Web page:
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Earth Notes: Motus Bird Migration Tracking

A bird with a white breast and bright yellow bill perches in a leafy tree
Andy Reago and Chrissy McClarren
U.S. Geological Survey
A bird with a white breast and bright yellow bill perches in a leafy tree

Like humans on a long road trip, migrating birds need spots to rest and refuel on their extraordinary journeys.

The Motus Wildlife Tracking System is an international collaborative tracking network to understand bird migrations and movements. And soon, thanks to the Northern Arizona Audubon Society, that network will have two tracking stations in northern Arizona.

Motus, from the Latin word for movement, involves tagging birds with tiny radio transmitters. When a radio-tagged bird flies within 9 to 12 miles of a Motus tracking station antenna, it ‘pings’ a detector and is recorded on the project’s open access database.

One of the new stations will be on Anderson Mesa, a globally recognized Important Bird Area. The second will be on Rancho Tres Brisas in the Verde Valley, joining four Motus sites in central-southern Arizona which are already yielding important results.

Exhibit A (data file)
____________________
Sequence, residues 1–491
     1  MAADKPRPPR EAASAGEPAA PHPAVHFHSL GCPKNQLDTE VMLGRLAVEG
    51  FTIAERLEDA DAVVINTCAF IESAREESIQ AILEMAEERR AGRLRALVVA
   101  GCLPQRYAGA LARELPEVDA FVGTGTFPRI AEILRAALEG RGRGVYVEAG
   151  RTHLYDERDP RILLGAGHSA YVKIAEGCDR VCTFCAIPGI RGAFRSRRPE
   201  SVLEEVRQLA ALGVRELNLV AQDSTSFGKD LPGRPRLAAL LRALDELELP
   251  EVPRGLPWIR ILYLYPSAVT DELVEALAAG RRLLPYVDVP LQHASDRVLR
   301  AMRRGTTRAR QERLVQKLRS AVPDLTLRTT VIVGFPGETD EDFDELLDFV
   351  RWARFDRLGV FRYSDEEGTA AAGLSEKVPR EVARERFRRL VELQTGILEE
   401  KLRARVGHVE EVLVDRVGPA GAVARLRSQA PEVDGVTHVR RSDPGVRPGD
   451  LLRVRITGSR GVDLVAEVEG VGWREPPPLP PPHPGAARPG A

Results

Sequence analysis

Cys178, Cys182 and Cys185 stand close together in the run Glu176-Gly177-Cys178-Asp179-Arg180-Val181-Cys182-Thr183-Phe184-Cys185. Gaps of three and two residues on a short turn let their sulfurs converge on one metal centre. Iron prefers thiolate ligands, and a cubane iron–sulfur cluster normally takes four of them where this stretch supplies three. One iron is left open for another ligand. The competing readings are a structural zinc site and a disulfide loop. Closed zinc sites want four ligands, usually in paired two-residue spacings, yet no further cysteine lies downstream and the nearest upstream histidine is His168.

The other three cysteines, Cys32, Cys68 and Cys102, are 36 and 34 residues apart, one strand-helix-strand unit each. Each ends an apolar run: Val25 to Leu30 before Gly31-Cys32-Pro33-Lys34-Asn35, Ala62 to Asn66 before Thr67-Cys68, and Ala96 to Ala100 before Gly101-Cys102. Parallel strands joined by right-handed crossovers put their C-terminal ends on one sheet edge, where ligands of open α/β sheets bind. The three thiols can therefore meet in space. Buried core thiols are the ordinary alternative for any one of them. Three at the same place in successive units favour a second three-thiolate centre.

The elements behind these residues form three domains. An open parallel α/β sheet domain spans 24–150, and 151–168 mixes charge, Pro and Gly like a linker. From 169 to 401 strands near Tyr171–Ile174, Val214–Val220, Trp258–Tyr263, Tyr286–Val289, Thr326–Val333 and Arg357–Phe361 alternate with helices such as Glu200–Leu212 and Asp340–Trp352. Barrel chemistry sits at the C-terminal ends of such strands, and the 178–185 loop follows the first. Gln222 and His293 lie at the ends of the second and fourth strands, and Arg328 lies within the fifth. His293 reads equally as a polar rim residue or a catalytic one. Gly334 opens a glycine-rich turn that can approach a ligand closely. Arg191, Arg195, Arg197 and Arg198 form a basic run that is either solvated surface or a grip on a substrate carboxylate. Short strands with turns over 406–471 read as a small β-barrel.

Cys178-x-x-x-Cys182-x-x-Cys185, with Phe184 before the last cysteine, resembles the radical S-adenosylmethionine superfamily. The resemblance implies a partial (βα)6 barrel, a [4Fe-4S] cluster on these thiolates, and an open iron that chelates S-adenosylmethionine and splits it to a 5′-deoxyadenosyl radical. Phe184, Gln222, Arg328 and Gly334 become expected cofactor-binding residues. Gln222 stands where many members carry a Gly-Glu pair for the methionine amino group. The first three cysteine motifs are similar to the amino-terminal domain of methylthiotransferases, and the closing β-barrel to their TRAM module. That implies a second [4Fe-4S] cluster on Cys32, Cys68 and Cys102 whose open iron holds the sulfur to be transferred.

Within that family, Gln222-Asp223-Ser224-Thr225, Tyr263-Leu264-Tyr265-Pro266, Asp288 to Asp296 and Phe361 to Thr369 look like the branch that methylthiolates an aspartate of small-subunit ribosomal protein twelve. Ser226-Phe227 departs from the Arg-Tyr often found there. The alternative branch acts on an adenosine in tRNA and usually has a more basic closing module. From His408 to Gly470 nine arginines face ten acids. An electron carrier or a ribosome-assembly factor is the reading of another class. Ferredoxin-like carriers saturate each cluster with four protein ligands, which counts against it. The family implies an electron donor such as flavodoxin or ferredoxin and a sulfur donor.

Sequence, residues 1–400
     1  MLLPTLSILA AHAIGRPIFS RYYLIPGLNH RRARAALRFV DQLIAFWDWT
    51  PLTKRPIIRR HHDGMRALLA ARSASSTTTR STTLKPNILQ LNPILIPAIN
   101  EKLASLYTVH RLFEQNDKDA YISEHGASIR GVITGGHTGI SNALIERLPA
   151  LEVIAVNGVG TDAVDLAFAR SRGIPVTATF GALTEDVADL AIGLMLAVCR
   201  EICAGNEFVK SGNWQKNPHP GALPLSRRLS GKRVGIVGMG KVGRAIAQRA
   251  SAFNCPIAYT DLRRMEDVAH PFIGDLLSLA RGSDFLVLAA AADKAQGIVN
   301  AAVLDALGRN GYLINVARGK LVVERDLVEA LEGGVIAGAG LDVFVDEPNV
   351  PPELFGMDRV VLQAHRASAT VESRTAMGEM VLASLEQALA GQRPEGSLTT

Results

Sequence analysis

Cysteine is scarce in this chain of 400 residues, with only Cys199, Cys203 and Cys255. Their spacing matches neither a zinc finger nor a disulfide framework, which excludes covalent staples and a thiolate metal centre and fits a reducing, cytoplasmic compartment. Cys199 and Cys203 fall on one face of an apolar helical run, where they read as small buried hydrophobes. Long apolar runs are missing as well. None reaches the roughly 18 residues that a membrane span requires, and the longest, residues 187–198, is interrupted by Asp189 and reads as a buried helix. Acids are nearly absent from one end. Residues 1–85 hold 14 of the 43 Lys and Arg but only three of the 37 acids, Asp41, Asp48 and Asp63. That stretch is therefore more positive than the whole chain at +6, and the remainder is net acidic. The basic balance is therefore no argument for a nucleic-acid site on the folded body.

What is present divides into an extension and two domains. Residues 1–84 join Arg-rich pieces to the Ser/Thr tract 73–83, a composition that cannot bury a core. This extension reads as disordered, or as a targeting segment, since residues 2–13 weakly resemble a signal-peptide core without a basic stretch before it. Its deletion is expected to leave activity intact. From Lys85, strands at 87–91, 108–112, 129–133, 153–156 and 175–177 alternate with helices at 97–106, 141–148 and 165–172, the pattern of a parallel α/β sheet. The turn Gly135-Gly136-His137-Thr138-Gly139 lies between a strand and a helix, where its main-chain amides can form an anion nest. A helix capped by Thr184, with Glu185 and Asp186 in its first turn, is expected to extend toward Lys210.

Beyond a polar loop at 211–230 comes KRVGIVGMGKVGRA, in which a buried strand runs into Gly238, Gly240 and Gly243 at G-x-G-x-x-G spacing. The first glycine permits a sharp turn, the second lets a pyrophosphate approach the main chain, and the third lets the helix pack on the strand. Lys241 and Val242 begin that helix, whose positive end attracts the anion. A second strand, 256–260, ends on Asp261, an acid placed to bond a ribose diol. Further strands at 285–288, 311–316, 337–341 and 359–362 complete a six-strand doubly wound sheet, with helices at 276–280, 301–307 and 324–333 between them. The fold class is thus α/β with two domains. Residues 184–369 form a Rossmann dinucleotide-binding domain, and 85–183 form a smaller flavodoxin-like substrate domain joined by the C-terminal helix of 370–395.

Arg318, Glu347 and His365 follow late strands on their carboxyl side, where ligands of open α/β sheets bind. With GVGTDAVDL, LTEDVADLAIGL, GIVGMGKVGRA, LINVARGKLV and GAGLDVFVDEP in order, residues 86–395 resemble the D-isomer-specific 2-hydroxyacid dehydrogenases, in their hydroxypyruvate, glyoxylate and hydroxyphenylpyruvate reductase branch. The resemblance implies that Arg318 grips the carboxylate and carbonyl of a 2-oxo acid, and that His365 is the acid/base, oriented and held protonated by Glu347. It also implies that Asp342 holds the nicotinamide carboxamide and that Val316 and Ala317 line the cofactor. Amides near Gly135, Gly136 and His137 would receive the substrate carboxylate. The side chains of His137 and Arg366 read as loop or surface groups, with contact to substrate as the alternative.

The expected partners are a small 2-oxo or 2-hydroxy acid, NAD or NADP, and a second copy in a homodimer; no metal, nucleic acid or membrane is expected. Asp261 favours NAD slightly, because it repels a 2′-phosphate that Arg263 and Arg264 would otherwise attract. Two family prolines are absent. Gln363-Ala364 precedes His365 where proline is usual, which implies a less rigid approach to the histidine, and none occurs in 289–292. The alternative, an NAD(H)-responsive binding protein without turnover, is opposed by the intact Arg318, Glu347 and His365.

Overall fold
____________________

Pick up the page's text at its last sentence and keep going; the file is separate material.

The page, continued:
In August a Motus antenna in southeastern Arizona detected a federally threatened species, the Yellow-billed Cuckoo, a bird with a long showy tail. The bird had been fitted with a transmitter earlier this summer in Kern County, California. Motus data show that the cuckoo, nicknamed Hummus, had already traveled 900 miles, via at least six different wildlife preserves on its way to South America.

Knowing the migration routes of birds like Hummus will give insights into strategic habitat protection for this and many other imperiled migrant species.

This Earth Note was written by Diane Hope and produced by KNAU and the Sustainable Communities Program at Northern Arizona University, with funding from the Charles Redd Center for Western Studies.

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